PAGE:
CAS Key Laboratory of Experimental Marine Biology, Institute of Oceanology, Chinese Academy of Sciences, No.7 Nanhai Road, Qingdao, 266071, China; Laboratory for Marine Biology and Biotechnology, Qingdao National Laboratory for Marine Science and Technology, No.1 Wenhai Road, Jimo, Qingdao, 266237, China; Center for Ocean Mega-Science, Chinese Academy of Sciences, No.7 Nanhai Road, Qingdao, 266071, China; State Key Laboratory of Bioactive Seaweed Substances, Qingdao Brightmoon Seaweed Group Co Ltd, No.777 Mingyue Road, Qingdao, 266400, China. Electronic address: [Email]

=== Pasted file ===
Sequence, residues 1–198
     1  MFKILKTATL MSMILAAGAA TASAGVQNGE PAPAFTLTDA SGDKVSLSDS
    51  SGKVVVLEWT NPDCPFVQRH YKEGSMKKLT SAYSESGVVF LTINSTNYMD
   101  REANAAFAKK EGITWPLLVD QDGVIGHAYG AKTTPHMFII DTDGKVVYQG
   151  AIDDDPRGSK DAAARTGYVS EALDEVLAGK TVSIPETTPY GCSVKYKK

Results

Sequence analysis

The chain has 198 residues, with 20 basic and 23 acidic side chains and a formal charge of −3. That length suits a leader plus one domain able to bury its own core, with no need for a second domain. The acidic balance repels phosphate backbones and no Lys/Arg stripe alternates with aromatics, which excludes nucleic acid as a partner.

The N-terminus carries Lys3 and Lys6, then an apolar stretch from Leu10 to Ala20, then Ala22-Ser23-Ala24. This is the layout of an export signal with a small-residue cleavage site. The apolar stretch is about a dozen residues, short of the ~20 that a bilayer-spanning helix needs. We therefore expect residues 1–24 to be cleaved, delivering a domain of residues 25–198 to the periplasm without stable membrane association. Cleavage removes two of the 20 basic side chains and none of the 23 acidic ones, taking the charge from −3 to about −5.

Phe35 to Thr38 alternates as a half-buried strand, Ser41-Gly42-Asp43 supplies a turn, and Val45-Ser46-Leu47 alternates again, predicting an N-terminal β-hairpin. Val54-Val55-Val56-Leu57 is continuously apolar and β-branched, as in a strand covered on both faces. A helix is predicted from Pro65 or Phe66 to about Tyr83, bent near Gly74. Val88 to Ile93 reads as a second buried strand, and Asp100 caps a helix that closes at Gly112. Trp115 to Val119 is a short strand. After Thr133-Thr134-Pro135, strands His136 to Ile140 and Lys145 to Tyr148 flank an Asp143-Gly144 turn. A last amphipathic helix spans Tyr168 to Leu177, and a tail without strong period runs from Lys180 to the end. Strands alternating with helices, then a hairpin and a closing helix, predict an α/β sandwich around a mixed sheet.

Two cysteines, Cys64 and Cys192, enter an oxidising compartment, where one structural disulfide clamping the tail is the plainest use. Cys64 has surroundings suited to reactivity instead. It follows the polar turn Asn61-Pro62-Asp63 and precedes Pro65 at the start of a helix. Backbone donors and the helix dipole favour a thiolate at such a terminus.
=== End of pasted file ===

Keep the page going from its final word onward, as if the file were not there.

Brown algae play a dominant role in the primary productivity of coastal ecosystems and may have an efficient carbon fixation. In this work, 56 genes involved in inorganic carbon fixation were identified from the Saccharina japonica genome. Sequence structure analysis of these genes showed the existence of corresponding function domains and active amino acid sites highly conserved with other stramenopile species. The predicted subcellular localizations showed that Calvin cycle-related enzymes predominantly reside in the plastid and that putative C4-related enzymes are mainly distributed in the mitochondrion. We determined the transcriptional profiles and enzymatic activities of these C4-related enzymes in response to the KHCO3 concentrations and light intensities. Pyruvate orthophosphate dikinase (PPDK) presented the greatest response to low HCO3- concentrations and high light intensity. Phosphoenolpyruvate carboxykinase (PEPCK) was up-regulated at low HCO3- concentrations to compensate for ribulose-1,5-bisphosphate carboxylase/oxygenase (Rubisco) and might be the crucial decarboxylase in this kelp. We propose that S. japonica might possess a PPDK- and PEPCK-dependent C4-like pathway that enables its rapid growth in natural coastal environments.